## Graph coloring

The graph coloring problem, for a graph G undirected, consists in assigning a color to each vertex in such a way that the same color is not assigned to two adjacent vertices.

When the graph is planar, this amounts to the problem of coloring a geographical map. The problem of graph coloring arises in many practical areas such as pattern matching, planning sports, designing seating plans, reviewing timetables, scheduling taxis, and solving Sudoku.

The minimum number of colors necessary to color the graph G is called the chromatic number of G, and is denoted by X (G).

The problem of finding the chromatic number of a graph is an Np-complete problem. The problem of coloring a graph with a limited number of colors - is it possible to color the graph with x colors, if so how? - is also an Np-complete problem.

A planar graph is at most 4-chromatic.

A chain is at most 2-chromatic.

A cycle is at most 3-chromatic.

A clique of size n is n-chromatic.

Example: A given set of tasks must be assigned to time intervals, each task requires only one interval. Tasks can be scheduled in any order, but task pairs can conflict in the sense that they cannot be assigned to the same time interval, for example because they both rely on a shared resource . The corresponding graph contains a vertex for each job and an edge for each pair of conflicting jobs. The chromatic number of the graphic is exactly the minimum required, the optimal time to complete all work without conflicts.

## Problem: clicks

Given an undirected graph G, a clique is a subset of vertices which are all connected in pairs by edges. In other words, it is a complete subgraph.

Find a click **w** order **k** in a graph is an Np-complete problem.

The following graph has a clique of order 5:

## Problem: stable

Given an undirected graph G, a stable is a subset of vertices which are not connected in pairs by edges. Finding a stable of order k amounts to finding a clique of order k in the inverse graph, that is to say that it has an edge if it does not exist in the original graph, and vice versa.

Find a stable **To** of order k in a graph is an Np-complete problem.

## Relationship between the three problems and heuristics

We have the following three proposals:

- a (G) = w (not G)
- w (G) = a (not G)
- X (G)> = w (G)

A stable S of G is said to be maximal by inclusion if there is no stable S 'of G such that S is strictly contained in S'. A clique K is maximal by inclusion if there are no cliques K 'of G such that K is strictly contained in K'.

By this definition, we deduce that a stable of maximum order is also a maximum stable by inclusion, the converse is not true. The classic heuristic for obtaining a large stable is to seek a maximal stable by inclusion.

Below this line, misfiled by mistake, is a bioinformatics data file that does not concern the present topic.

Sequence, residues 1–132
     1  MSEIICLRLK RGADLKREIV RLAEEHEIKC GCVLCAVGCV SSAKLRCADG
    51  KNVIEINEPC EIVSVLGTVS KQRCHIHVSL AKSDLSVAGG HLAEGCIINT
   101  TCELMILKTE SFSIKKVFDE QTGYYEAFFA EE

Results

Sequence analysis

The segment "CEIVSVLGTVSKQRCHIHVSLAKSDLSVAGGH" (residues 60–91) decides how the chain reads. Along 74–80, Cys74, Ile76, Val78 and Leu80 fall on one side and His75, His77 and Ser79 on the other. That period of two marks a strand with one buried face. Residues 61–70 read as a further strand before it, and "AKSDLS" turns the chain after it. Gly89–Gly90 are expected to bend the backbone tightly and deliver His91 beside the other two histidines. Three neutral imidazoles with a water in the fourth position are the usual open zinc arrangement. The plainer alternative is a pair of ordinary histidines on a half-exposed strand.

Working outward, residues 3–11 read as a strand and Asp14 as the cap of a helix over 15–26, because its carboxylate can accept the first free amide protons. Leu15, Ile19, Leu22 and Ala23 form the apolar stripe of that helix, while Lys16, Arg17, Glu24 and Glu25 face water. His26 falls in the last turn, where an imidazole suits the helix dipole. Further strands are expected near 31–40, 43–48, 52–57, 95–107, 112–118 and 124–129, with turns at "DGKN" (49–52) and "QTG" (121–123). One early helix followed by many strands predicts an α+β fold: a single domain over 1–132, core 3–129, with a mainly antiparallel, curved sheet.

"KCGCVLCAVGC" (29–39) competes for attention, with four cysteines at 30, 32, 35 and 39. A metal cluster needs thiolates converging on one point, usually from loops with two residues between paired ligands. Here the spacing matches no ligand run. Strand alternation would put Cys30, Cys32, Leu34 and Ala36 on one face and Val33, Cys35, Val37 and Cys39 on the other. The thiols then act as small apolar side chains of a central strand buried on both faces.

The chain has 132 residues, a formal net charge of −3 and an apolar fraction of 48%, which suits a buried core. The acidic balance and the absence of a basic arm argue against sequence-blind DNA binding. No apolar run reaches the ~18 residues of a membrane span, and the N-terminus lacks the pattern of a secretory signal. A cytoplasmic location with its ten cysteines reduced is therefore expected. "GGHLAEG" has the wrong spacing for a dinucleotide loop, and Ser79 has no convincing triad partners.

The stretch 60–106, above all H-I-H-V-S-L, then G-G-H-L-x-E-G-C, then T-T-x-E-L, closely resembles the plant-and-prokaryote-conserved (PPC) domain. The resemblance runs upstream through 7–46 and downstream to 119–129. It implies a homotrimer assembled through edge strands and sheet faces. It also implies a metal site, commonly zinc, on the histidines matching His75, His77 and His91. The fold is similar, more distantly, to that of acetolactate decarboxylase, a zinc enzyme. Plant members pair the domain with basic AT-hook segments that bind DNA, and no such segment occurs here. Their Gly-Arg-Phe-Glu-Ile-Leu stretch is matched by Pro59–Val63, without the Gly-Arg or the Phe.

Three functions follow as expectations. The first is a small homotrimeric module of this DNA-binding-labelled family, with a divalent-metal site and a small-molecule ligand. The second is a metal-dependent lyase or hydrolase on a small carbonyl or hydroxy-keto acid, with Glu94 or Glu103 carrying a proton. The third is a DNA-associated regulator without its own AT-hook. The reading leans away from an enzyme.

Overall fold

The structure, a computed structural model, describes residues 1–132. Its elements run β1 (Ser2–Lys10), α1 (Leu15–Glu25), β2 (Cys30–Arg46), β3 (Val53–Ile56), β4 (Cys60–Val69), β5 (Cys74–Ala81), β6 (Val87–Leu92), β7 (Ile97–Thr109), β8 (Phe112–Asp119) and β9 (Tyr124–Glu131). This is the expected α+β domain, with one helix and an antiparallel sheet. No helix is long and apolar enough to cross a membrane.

The Brélaz algorithm is a algorithm greedy which allows to know a maximum limit of the chromatic number of a graph. Its principle is simple and iteratively proceeds.

As long as there is an uncolored vertex, we choose the uncolored vertex with the highest number of neighbors colored with different colors. This vertex is then colored with the smallest possible color (the colors are sorted in an arbitrary ascending order). If all the existing colors are already used by a neighbor, we add a new color to our palette (adding a color with a higher value than all the other existing ones).

The notion of stable can also provide indications on the coloring of a graph. Indeed, we can assume that in a stable, all the vertices have the same color. Coloring in **k** colors amounts to finding a partition of the set of stable vertices in k.

The Welsh and Powell algorithm is based on this proposition:

- Order the vertices of the graph in decreasing order of their degree
- Going through the list in order, assign an unused color to the first uncolored vertex
**p**, and assign this color to each next uncolored vertex such that it is not adjacent to the vertex**p**. - Return to 2 if there are uncolored vertices in the list. Otherwise return the list.

## Example

To see the connection between Sudoku and graph coloring, we will first describe the Sudoku graph, which we will call for convenience S. Graph S has 81 vertices, each vertex representing a cell. When two cells cannot have the same number (either because they are in the same row, in the same column, or in the same box), we put an edge connecting the corresponding vertices of the Sudoku S graph.

For example, since cells a3 and a7 are in the same row, there is an edge joining their corresponding vertices; there is also an edge connecting a1 and b3 (they are in the same box), and so on. Each vertex in the Sudoku graph has a 20 degree, and the graph has a total of 810 edges. S is too big to be drawn, but we can get an idea of the structure of S by looking at a partial drawing. The drawing shows the 81 vertices of S, but only two (a1 and e5) have their full set of incident edges.

The second step in converting a Sudoku puzzle into a graph coloring problem is to assign colors to the numbers 1 through 9. This assignment is arbitrary and is not a priority order of colors as in the algorithm. gluttonous.

Once we have the Sudoku graph and an assignment of colors to the numbers 1 to 9, any Sudoku puzzle can be described by a Sudoku graph where some of the vertices are already colored (those corresponding to the data). To solve the Sudoku puzzle, all we have to do is color the rest of the vertices using the nine colors.